How to increase haemoglobin - Home remedies How to increase haemoglobin - Home remedies

How to increase haemoglobin: Home remedies

 

Anaemia and cancer are possible health issues indicated by low haemoglobin levels. To increase haemoglobin, dietary changes and supplements may be helpful.

 

In red blood cells, haemoglobin, a protein rich in iron, is responsible for oxygen transportation throughout the body.

 

Anaemia is a condition characterised by low levels of haemoglobin in the blood. It is caused by a deficiency in red blood cells or a lack of functioning red blood cells. Anaemia results in insufficient oxygen supply to the body, which can be dangerous if left untreated.

 

This article covers the topic of haemoglobin levels, including how to boost them naturally, and discusses anaemia and its causes.

How to increase haemoglobin

People with low haemoglobin levels can take measures to increase and maintain their levels from the comfort of their own homes.

Increase iron intake

Anaemia caused by a lack of iron is the most prevalent form of anaemia.

 

By increasing the production of haemoglobin, iron helps to create more red blood cells in the body. Red blood cells will decrease if iron levels are too low, leading to insufficient oxygen supply.

 

Eating foods high in iron can help people with low haemoglobin levels.

Increase folate intake

Folate, a type of B vitamin, is essential for forming haemoglobin, an oxygen-carrying component of red blood cells. The body needs folate to make heme, a portion of haemoglobin that transports oxygen.

 

 

Folate is an essential nutrient for developing red blood cells; if a person does not get enough of it, their red blood cells will be unable to mature properly. This can cause folate-deficiency anaemia, characterised by low haemoglobin levels and other symptoms such as fatigue, shortness of breath, and pale skin.

 

Folate is present in many foods, such as

  • Beans, such as kidney beans

  • Sunflower seeds

  • Fruits

  • Spinach

  • Eggs

  • Peanuts

  • Whole grains

 

A person can also speak with a qualified healthcare professional about folate acid supplementation, which is better absorbed by the body. The body absorbs 85% of the vitamin when it is taken as a supplement, compared to 50% in foods.

Maximise iron absorption

Better absorption of iron can be achieved by consuming specific vitamins and minerals, including:

  • Vitamin A

  • Beta-carotene

  • Vitamin CTrusted Source

 

Vitamin C, vitamin A, and beta-carotene can all be found in the following foods:

Vitamin C

Vitamin A

Beta-carotene

• Oranges

• Strawberries

• Papaya

• Guava

• Sweet red pepper

• Grapefruit

• Fish

• Liver

• Squash

• Sweet potatoes

• Collards

• Carrots

• Turnips

• Squash

• Cantaloupes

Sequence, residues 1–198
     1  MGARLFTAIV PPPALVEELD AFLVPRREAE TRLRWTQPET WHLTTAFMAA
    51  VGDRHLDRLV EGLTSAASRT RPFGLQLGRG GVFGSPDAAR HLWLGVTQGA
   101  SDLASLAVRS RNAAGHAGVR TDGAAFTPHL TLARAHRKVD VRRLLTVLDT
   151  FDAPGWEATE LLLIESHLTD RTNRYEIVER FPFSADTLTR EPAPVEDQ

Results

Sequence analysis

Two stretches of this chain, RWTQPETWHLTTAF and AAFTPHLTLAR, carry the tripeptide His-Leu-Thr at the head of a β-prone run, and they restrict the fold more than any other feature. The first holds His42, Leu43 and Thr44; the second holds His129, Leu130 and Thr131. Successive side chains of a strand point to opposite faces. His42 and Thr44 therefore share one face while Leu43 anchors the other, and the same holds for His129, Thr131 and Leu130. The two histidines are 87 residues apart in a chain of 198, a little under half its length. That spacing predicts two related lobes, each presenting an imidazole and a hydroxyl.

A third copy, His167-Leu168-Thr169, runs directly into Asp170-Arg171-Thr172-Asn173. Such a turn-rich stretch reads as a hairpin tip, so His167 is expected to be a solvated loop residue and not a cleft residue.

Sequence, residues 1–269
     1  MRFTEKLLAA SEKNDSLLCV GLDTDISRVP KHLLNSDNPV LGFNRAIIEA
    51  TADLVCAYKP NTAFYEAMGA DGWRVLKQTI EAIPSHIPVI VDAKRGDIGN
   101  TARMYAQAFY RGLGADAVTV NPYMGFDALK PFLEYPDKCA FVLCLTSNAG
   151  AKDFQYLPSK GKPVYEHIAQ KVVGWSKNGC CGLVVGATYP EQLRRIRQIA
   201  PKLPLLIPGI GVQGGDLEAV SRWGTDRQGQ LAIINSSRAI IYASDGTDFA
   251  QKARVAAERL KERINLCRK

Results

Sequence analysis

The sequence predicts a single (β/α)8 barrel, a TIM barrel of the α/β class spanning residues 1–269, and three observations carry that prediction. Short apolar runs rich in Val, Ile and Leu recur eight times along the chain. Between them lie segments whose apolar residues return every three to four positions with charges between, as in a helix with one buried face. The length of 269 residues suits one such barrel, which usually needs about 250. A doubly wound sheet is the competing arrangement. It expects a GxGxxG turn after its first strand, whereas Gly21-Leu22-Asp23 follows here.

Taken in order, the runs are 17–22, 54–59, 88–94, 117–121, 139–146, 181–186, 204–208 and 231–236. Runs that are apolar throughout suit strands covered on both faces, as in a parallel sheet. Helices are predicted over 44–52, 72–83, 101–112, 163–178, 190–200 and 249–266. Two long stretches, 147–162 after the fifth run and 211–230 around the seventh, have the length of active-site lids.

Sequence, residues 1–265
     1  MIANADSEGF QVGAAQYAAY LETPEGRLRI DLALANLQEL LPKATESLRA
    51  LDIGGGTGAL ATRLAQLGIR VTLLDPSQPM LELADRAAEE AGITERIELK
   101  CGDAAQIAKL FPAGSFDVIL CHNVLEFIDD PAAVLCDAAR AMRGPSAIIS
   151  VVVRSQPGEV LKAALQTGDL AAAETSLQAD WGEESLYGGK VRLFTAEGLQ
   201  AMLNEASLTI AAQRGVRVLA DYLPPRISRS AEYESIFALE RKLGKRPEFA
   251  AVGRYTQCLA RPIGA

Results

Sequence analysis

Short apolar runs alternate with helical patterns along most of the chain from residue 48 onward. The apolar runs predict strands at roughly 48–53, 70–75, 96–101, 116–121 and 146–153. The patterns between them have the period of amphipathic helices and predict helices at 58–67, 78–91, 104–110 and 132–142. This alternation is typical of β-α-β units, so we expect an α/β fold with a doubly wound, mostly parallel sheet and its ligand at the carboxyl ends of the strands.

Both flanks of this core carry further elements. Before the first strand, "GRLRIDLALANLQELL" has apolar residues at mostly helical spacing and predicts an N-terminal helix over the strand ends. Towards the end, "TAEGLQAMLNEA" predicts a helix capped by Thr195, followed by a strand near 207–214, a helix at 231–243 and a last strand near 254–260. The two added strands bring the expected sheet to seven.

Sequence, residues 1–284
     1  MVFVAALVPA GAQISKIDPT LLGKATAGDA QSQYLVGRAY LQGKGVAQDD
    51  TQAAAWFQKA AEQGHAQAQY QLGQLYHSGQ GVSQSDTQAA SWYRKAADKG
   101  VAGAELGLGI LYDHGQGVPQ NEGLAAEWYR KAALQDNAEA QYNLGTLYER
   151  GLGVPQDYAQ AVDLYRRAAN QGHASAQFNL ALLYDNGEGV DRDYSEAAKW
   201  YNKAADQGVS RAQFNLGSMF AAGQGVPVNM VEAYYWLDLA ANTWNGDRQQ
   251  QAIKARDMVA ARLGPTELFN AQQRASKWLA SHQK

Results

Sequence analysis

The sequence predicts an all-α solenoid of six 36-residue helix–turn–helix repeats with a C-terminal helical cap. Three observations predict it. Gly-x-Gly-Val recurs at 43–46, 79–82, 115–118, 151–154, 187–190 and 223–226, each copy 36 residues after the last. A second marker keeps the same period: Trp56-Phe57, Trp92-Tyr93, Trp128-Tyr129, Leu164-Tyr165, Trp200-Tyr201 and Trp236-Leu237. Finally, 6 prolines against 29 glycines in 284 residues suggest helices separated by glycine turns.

• Mangoes

 

Taking vitamin C, A, and beta-carotene supplements can help increase the body's ability to absorb iron.

 

Vitamin C, A, and beta-carotene supplements enhance the body's capacity to absorb iron.

Take iron supplements

 

If a person's haemoglobin levels are deficient, a doctor may recommend they take iron supplements to help raise them.

 

Iron supplements are used to increase the body's iron levels over time. It can take weeks or months to build the body's iron reserves. A physician may suggest taking them for an extended duration to ensure the body has enough iron.

An excessive amount of iron in the body can lead to hemochromatosis, which can have serious consequences, such as liver disease and side effects like:

  • Constipation

  • Nausea

  • Vomiting

 

The body's iron will determine how much medication is needed.

Normal haemoglobin ranges

It is necessary to conduct a blood test by a healthcare professional to assess a person's haemoglobin, measured in grams per deciliter (g/dL).

 

People with lower than typical haemoglobin levels are said to have a low haemoglobin level, diagnosed through a blood test.

 

 

 

Normal (g/dL)

Low (g/dL)

Male

13.5-18

lower than 13.5

Female

12-15

lower than 12

Children

11-16

lower than 12

 

Age-specific haemoglobin levels should be considered when assessing a child's health. If you are concerned about your child's haemoglobin levels, it is recommended that you speak with a medical professional.

Symptoms

The following symptoms may occur in people with low haemoglobin levels:

  • Pale skin and gums

  • Dizziness

  • Frequent or unexplained bruising

  • Shortness of breath

  • Weakness

  • A fast or irregular heartbeat

  • Reoccurring headaches

  • Fatigue

Causes

Numerous causes can lead to an individual having a decreased haemoglobin level and anaemia.

Trusted Sources include the following causes:

  • Liver disease

  • Drinking alcohol

  • Being deficient in iron, vitamin B-12, or folate

  • A bone marrow cancer, leukaemia, is one of the most common cancers

  • Pregnancy

  • Thyroid disease, such as hypothyroidism

  • Thalassemia

  • Substantial blood loss

  • Kidney disease

  • Genetics, such as sickle cell anaemia,

Frequently asked questions

How do hospitals treat low haemoglobin?

Those severely anaemic with low haemoglobin levels may require hospitalisation to raise their red blood cell count rapidly.

What happens if haemoglobin gets too low?

A decrease in haemoglobin levels can lead to anaemia, a condition characterised by a deficiency of red blood cells. This decrease in red blood cells reduces the body's oxygen, which can harm one's health.

 

Low haemoglobin may cause symptoms like:

  • Dizziness

  • A fast or irregular heartbeat

  • Shortness of breath

  • Weakness

  • Headaches

Summary

To increase your haemoglobin levels, it is essential to consult your doctor about the best dietary changes and supplement dosage.

 

If haemoglobin levels are not restored to normal, additional treatments may be necessary, including a blood transfusion.

 

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